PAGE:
If any of these were paid prior to 2013, they can be claimed from the time an application is made for registration with a province or with a Canadian court.

Pension Income: You may claim federal, provincial and territorial credits on certain pension income. The credit is non-refundable but any unused portion may be transferred to a spouse or common-law partner, although the unused amount may not be carried forward or back.

CPP and EI Premiums: If you pay premiums for Canada Pension Plan and Employment Insurance, you can claim the credit on the amount paid. If you are self-employed and pay both the employee and employer CPP premiums, you can claim a credit for half the amount (the employee portion) and a deduction for the employer's half.

Disability: The credit applies if a Canadian medical doctor certifies that you suffer from severe and prolonged mental or physical impairment. Other professionals may certify specific disabilities: An optometrist can certify sight impairment or an audiologist can certify a hearing disability.

Caregiver: You can trim your tax bill if you are 18 or older and care for an ailing, dependent relative, parent or grandparent including an in-law, who is at least 65 years of age. This credit is not available on behalf of an individual for whom the equivalent-to-spouse credit or infirm dependent credit has already been claimed.

Medical: You can claim a credit for any non-reimbursed medical expenses on your own behalf or for your spouse or common-law partner. You can also claim expenses for other dependents, but the total may have to be reduced by a portion of the dependent's income.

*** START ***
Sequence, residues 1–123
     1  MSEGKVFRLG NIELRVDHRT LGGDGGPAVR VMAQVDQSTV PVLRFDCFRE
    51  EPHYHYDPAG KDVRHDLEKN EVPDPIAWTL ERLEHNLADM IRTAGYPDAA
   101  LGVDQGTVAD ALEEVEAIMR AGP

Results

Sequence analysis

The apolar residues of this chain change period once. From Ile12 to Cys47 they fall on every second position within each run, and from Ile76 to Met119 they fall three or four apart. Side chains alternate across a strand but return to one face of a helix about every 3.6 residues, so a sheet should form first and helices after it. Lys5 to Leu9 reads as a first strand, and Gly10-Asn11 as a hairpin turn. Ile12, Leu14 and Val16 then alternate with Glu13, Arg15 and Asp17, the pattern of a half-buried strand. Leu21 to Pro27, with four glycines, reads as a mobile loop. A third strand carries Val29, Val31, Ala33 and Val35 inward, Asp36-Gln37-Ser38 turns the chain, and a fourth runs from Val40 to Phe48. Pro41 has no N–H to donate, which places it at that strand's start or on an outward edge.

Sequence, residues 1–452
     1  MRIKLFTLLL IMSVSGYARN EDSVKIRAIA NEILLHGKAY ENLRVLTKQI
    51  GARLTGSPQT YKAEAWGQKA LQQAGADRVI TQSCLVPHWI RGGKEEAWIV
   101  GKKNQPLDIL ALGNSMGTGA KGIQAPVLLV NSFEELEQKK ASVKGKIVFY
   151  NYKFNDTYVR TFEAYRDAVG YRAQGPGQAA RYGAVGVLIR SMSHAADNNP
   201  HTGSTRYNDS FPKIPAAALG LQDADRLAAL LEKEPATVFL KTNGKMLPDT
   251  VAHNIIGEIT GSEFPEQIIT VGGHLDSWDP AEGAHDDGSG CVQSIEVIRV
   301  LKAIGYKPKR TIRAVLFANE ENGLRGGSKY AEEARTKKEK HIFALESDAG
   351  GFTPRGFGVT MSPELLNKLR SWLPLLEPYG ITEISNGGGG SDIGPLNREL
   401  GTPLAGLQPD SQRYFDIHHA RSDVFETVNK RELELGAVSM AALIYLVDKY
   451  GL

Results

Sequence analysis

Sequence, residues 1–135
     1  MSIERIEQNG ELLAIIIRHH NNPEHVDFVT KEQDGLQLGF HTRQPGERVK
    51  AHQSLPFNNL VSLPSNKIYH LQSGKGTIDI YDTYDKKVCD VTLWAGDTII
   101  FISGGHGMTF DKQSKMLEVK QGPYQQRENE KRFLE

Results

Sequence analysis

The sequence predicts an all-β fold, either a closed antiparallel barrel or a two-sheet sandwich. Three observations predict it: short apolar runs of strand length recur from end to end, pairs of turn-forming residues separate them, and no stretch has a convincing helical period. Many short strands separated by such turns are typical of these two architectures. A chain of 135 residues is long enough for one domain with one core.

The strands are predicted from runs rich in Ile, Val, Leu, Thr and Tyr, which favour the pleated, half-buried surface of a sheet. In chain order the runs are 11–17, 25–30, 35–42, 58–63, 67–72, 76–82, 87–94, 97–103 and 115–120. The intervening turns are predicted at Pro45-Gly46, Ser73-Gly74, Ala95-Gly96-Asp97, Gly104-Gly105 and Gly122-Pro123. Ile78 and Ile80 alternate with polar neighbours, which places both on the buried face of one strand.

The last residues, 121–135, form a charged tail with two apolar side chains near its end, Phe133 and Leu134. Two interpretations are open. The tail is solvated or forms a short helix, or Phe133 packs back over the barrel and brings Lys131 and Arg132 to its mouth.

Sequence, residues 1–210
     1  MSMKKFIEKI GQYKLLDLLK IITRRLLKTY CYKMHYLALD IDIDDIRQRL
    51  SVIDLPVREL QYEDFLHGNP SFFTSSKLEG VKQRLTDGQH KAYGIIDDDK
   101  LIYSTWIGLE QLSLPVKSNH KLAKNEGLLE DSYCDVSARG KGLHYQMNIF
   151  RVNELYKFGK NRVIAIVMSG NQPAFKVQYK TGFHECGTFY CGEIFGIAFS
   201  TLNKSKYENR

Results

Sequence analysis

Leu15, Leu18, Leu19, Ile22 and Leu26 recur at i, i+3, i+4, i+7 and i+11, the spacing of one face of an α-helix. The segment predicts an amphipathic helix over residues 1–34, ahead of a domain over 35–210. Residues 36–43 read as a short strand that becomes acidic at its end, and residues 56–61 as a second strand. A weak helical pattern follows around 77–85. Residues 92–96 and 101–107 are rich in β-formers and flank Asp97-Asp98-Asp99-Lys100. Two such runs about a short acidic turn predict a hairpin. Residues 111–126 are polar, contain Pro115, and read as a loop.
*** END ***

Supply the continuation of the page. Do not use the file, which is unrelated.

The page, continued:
Child Fitness Amount: You may claim a certain amount in fees paid to eligible programs of physical activity for children under the age of 16. An additional amount may be claimed for children with disabilities under the age of 18. In Quebec, this credit is refundable.

Child Art Amount: You can claim a maximum of $500 per child in fees paid relating to the cost of registration for your or your spouse's or common-law partner's children, under the age of 16, in a prescribed program of artistic, cultural, recreational, or developmental activity. In Quebec, this credit is refundable.

Public Transit: You can claim the cost transit passes of monthly and longer durations. You can also claim shorter-duration passes if each allows unlimited travel for at least five consecutive days and you purchased enough of these passes to cover 20 days in any 28-day period. You may claim electronic payment cards when they are used to make at least 32 one-way trips within 31 days.

The credits may be claimed by either the taxpayer or the taxpayer's spouse or common-law partner for transit costs incurred by themselves and their dependent children under the age of 19. Keep your passes and receipts so that you can substantiate your claim.

Tuition and Textbooks: You can claim tuition fees exceeding $100 for post-secondary courses at a college or university or, if you are 16 years of age or older, for courses at approved institutions to improve your occupational skills. Keep an official income tax receipt in case the CRA asks for it, but it does not have to be attached to your income tax return.

For textbooks, post-secondary students can claim a tax credit calculated for each month the student qualifies for the full-time education amount and the part-time education amount. Proof of purchase is not necessary.

Student Loan Interest: The credits are calculated by multiplying the lowest tax rate by the amount of the interest. The exception is Quebec, which uses a fixed rate. Unused interest amounts can be carried forward for five years, so if your taxes are zero in a particular year you can save the credit to use later. To be eligible, the loan must have been obtained under the Canada Student Loans Act, the Canada Student Financial Assistance Act, or similar provincial or territorial laws. The credit can be claimed only by the student even if someone else paid the interest.

Remember to claim the corresponding provincial or territorial non-refundable tax credits to which you are entitled on your provincial or territorial form. Consult with your professional advisor for more details on these credits and to help ensure you get the most advantage from them.